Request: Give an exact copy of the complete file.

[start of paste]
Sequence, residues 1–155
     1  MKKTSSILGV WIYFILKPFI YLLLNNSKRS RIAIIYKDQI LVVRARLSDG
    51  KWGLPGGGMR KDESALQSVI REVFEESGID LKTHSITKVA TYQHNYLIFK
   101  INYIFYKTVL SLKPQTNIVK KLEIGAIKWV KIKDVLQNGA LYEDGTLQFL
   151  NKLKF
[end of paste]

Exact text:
Sequence, residues 1–155
     1  MKKTSSILGV WIYFILKPFI YLLLNNSKRS RIAIIYKDQI LVVRARLSDG
    51  KWGLPGGGMR KDESALQSVI REVFEESGID LKTHSITKVA TYQHNYLIFK
   101  INYIFYKTVL SLKPQTNIVK KLEIGAIKWV KIKDVLQNGA LYEDGTLQFL
   151  NKLKF